Make sure you know the rating of the title insurance company if you move forward.
The RealtyGeeks Team - we care.
First, a lis pendens means a suit may be filed...not that one already has. Still, as noted, it will cloud the title and is something to take seriously. Second, while it's reassuring that the title company says the Marshall will remove the lis pendens under certain conditions, and that the title insurance underwriter says it'll provide title insurance, I wouldn't be comfortable for a couple of reasons. First, all this should be in writing. A phone conversation with someone at the settlement company who talked to someone in the Marshall's office really doesn't carry too much weight. Similarly, a phone conversation with someone at the settlement company who talked to someone who says they'll provide title insurance--especially since the "detailed arrangement" hasn't been provided from the Marshall's office yet--isn't too solid. There could be an awful lot of "he said, she said" if something goes wrong. As I said, I'm not a lawyer, but even a Realtor can say, "Get it in writing."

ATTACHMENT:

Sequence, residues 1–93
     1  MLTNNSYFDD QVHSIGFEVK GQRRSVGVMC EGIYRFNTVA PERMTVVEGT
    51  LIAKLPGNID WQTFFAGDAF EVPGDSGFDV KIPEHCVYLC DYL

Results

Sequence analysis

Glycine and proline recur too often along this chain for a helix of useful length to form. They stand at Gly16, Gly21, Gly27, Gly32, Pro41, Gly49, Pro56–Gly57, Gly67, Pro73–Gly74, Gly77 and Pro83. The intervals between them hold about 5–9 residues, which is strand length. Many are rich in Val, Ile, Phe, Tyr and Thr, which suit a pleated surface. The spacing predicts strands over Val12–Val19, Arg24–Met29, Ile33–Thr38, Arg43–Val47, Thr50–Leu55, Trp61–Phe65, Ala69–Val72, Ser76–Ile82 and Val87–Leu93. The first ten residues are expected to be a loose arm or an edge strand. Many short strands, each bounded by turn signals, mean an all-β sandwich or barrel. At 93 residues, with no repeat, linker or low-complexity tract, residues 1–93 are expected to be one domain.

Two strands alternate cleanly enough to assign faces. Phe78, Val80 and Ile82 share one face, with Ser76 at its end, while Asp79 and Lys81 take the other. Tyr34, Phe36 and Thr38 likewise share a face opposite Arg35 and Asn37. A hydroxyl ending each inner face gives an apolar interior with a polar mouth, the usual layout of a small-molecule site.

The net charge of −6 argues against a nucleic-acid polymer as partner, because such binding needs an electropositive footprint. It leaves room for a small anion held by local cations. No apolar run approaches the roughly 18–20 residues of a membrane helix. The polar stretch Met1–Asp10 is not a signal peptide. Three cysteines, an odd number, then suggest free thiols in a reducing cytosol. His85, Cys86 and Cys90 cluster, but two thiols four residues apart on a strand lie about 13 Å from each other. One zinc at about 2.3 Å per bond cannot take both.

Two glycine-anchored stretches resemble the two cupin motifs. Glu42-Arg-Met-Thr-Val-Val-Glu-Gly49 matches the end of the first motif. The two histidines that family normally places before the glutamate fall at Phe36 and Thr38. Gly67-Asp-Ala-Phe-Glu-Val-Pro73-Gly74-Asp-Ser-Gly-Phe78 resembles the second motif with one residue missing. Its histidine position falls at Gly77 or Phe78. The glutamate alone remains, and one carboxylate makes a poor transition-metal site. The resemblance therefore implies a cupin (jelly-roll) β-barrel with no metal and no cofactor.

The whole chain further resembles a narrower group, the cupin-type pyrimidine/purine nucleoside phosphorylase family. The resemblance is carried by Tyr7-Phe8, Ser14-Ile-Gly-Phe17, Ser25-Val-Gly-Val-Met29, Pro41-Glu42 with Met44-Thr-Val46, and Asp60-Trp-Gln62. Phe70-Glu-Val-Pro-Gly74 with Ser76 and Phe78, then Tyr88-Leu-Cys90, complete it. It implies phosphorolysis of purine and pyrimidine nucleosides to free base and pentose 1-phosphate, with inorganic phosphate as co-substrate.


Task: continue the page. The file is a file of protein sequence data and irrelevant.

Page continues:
But that's only your first step. You need to check with a lawyer not just to make sure what's in writing says what you think it does, but whether what's in writing is enforceable. Just because someone writes: "We will provide title insurance under these conditions" doesn't mean the person writing the letter had the authority or knowledge to do so. And if they don't, your recourse might be to sue the title company. Again, ad nauseum, I'm not a lawyer and this isn't legal advice. But this is a potential can of worms.
Hope that helps.
Solutions 3D LLC
Realtor with Long & Foster
Again - I would seek outside council from an attorney.